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Let’s face it, there’s no resisting a good story. It doesn’t matter if that story comes from binge watching Netflix, hearing spooky tales around a campfire, or listening to a favorite podcast while driving to work. Dr. Kenya Malcolm loves stories, too, and she gets her fill of them through books. Lots and lots of books.

No, really. She read 126 books in 2020.

Malcolm is a clinical psychologist at the University of Rochester Medical Center and serves as the director of Early Childhood Initiatives for the Department of Psychiatry. When she gets home, she relaxes with a good book.

I don’t watch TV at all, or almost at all,” she says. “I’ll watch something as long as it’s not a whole movie. Or, if I’m in the mood for a movie, it’s usually something we (she and her family) have watched before.”

Not watching much television frees up her time to enjoy the stacks of books she picks up from the public library or has in her own personal collection. What she reads can vary based on recommendations from friends and fellow book lovers, as well as ones she stumbles upon while searching for new books.

“I also tend to read based on my mood. And I tend to read based on what other people are talking about,” says Malcolm.

Malcolm holds no biases against genres. Romance, speculative fiction, young adult, middle grade, nonfiction, and many, many others are all fair game. Malcolm is willing to give almost any book a fair shot, and because she reads so much so quickly, she is willing to try a variety of different titles.

“If I was somebody that was only getting through one book a month, let’s say, I’d want that one book to be really good. But because I’m going to read a lot, thirty percent of the books I read I wouldn’t recommend to anyone. You know, it can be like, ‘Oh, I like that cover, I got a hole in my bookshelf, let me grab that.’ Or, when I go to the library, I might take four or five to add to the four or five I already picked up, and then I’m probably going to read eight of those ten because there’s not enough time in my life.”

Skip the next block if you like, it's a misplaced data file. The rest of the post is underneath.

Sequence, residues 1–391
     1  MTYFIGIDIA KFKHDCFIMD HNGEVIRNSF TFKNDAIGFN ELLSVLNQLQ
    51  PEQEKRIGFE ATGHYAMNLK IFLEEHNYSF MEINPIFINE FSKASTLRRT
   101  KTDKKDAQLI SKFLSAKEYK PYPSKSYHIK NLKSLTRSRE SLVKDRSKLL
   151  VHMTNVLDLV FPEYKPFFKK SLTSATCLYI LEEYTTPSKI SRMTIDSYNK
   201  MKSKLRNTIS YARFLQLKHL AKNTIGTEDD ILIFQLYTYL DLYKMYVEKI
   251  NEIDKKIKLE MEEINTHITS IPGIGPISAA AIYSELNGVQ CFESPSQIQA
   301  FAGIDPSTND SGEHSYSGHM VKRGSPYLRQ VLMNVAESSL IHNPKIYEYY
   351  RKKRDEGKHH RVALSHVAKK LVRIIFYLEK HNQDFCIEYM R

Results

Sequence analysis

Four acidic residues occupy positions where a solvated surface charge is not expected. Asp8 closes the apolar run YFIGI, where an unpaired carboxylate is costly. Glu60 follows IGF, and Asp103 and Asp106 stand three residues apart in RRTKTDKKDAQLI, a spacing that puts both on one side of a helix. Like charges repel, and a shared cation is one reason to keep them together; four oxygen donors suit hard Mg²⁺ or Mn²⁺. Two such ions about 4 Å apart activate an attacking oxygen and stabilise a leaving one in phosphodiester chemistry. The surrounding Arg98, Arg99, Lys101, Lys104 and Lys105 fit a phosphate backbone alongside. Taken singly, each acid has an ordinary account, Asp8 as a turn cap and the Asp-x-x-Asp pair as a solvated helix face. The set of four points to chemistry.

Originally Malcolm’s social media accounts were personal with occasional book and theater reviews. But, over the course of the last several months, she changed her focus to book content, particularly on Instagram. At just over 6,200 followers, Malcolm is becoming quite the “Bookstagram” star.

“The last ten months I’ve gained like 5,000 followers, because it’s concentrated content. I think that once you start getting into a community of anything, it really inspires you to be more aware of what’s happening, and read books and share books and all those kinds of things in a different way.”

Her Instagram (@reviewsmayvary) is filled with sumptuous images of books, tea pots, and glimpses of her personal card catalog cabinet. Her reels range from fun videos of her unboxing stacks of books she’s ordered online to brewing tea in one of her many cool mugs.